The Null Device
New market research has revealed that Mac users are snobs, upper-income-bracket elitist aspirational types who see themselves as better than the PC-using rabble, while, seen from the other side, PC users are cheapskates.
Meanwhile, a filmmaker has made a documentary about the intense loyalty Maccies feel to their brand, which bears out some of the findings:
Violet Blue, a popular blogger and sex columnist for the San Francisco Chronicle, who also features in the film, says: "First of all, I've never knowingly slept with a Windows users ... that would never, ever happen."Anyway, back to the Mac-users-are-snobs thing: the description of the difference between Mac users and PC users reminded me a lot of (Mac user) Momus' recent paraphrasing of the right-wing anti-intellectual argument against liberal cosmopolitan elites:
The intellectual is not one of us. We are ordinary folks, he is a member of an elite. We gravitate around right wing ideas, he's left-leaning. We're family people, he screws men, women and children. We farm, he stays in the city, with his intellectual elite, or on campus, corrupting the minds of our youth. We're religious, but the intellectual is an unbeliever. We run to fat, he stays thin. We're patriots, he's a cosmopolitan, equally at home with foreigners as with his own kind. He puts loyalty to ideas before loyalty to his people. We have the church, he has the liberal media.I'm wondering whether Microsoft or Dell or whoever didn't miss a trick in the few years after 9/11 when Americans (and, to a lesser extent, other Westerners) fell into a right-wing populist groupthink, dissociating themselves from straw-man liberalism. Perhaps, had they run ads playing on the stereotypes of Mac users as potentially disloyal rootless cosmopolitanists, they could have converted some Mac sales into sales of PCs and copies of Windows. After all, when your country's under siege, you don't want to be seen to be distancing yourself from your compatriots, however symbolically.
A poll has shown that fewer than a third of Americans consider nanotechnology to be morally acceptable; considerably fewer people than in Europe:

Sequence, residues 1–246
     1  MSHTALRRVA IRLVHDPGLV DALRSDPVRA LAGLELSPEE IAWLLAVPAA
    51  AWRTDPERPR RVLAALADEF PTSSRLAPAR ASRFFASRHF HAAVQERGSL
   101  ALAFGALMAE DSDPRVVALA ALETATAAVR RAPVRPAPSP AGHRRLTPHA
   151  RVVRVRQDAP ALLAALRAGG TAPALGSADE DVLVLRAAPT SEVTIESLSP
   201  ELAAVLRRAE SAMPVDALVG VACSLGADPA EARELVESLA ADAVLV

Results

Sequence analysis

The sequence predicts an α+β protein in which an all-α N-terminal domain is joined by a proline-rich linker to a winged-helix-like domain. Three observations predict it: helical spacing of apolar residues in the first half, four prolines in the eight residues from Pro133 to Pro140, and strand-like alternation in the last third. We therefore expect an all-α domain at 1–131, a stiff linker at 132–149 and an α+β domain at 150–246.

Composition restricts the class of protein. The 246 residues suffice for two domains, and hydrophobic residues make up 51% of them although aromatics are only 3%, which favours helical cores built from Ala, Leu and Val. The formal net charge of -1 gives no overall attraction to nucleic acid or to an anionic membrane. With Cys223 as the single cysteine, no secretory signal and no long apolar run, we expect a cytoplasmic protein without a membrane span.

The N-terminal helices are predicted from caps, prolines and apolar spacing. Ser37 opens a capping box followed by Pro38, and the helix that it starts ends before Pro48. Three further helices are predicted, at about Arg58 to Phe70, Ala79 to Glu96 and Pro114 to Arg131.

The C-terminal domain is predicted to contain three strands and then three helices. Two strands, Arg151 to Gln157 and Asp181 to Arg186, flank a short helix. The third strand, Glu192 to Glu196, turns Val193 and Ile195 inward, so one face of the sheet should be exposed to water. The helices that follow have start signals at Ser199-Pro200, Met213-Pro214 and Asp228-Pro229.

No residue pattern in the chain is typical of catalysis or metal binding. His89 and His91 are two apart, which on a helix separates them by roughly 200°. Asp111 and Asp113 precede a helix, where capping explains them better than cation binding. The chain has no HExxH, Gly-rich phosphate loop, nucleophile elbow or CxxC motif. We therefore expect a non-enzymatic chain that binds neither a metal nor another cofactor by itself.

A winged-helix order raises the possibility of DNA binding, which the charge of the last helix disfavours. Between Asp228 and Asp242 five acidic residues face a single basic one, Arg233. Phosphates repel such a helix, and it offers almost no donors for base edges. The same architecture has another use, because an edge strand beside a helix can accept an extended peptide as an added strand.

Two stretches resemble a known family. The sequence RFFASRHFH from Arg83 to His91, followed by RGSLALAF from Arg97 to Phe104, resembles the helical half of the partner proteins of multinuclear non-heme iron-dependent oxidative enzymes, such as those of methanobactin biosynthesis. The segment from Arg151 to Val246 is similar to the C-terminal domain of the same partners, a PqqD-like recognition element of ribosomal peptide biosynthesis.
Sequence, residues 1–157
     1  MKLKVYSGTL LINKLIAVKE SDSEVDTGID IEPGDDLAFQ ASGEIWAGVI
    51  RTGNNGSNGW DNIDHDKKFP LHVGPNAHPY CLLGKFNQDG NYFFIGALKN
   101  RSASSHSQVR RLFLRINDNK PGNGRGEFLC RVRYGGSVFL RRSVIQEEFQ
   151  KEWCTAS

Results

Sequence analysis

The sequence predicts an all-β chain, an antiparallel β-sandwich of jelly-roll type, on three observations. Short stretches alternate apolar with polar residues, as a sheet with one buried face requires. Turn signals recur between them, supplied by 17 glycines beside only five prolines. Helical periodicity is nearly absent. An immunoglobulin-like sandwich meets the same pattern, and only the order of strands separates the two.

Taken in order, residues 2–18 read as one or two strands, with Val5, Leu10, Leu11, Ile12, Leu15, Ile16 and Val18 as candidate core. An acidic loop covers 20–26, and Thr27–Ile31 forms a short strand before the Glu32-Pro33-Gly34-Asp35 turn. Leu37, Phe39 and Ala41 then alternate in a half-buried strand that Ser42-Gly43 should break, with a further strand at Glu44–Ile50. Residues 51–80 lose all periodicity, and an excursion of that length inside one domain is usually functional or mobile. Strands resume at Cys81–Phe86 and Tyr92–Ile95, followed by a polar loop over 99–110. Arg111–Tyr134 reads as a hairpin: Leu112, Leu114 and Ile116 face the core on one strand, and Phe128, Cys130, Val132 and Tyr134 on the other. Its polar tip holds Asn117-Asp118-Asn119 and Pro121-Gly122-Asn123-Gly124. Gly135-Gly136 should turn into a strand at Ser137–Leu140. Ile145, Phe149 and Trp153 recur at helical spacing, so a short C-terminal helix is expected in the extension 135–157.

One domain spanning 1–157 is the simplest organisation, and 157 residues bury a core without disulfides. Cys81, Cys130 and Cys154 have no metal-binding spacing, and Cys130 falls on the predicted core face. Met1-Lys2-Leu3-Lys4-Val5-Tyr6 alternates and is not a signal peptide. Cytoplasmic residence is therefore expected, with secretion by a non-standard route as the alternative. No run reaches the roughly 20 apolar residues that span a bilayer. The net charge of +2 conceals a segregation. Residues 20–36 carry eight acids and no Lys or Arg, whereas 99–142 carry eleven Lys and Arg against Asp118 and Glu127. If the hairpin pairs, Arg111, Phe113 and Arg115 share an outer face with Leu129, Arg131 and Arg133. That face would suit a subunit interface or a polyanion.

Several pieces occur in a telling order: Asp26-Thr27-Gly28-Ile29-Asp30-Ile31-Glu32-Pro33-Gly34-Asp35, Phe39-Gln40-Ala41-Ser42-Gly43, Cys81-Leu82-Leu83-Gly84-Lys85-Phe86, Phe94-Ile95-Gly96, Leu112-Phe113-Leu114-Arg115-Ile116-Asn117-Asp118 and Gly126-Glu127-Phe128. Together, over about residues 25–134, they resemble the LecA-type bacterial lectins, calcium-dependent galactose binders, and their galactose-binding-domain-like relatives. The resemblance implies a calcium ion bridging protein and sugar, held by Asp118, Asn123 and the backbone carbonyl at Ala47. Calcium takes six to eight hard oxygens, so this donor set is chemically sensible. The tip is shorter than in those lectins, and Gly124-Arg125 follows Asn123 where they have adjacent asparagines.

In a sample of 1,015 adult Americans, only 29.5 percent of respondents agreed that nanotechnology was morally acceptable.
In European surveys that posed identical questions about nanotechnology to people in the United Kingdom and continental Europe, significantly higher percentages of people accepted the moral validity of the technology. In the United Kingdom, 54.1 percent found nanotechnology to be morally acceptable. In Germany, 62.7 percent had no moral qualms about nanotechnology, and in France 72.1 percent of survey respondents saw no problems with the technology.The authors of the poll believe that this is not so much due to any specific moral issue concerning the making of molecule-sized materials or devices per se, but due to many Americans subscribing to a religious worldview that takes a dim view of "tampering with God's creation":
The catch for Americans with strong religious convictions, Scheufele believes, is that nanotechnology, biotechnology and stem cell research are lumped together as means to enhance human qualities. In short, researchers are viewed as "playing God" when they create materials that do not occur in nature, especially where nanotechnology and biotechnology intertwine, says Scheufele.
The moral qualms people of faith express about nanotechnology is not a question of ignorance of the technology, says Scheufele, explaining that survey respondents are well-informed about nanotechnology and its potential benefits. "They still oppose it," he says. "They are rejecting it based on religious beliefs. The issue isn't about informing these people. They are informed."Which is somewhat ironic, if the first post-Enlightenment nation is now dominated by a steadfastly pre-Enlightenment worldview; a people at peace with technology but hostile to the scientific mindset that makes it possible. Or, in the words of one member of a Christian Fundamentalist web forum (of course):
Technology makes peoples lives easier. Technology is the product of inventive geniuses who were inspired by God. Inventions and innovations improve life.
Science causes confustion and makes things complicated. Everytime there is a new discovery the old discoveries and old wisdom are discarded! And theories get more and more complex. Science makes people confused and complicates things. Who is the author of confusion? Satan of course. The bible it the opposite of science. Biblical wisdom NEVER CHANGES, and anyone can get it. Scientific wisdom is always changing and contradicting itself, and really nobody gets it.On a similar tangent: "Dumb and Dumber: are Americans Hostile to Knowledge?", a review of a new book claiming that anti-intellectualism is on the rise in the US.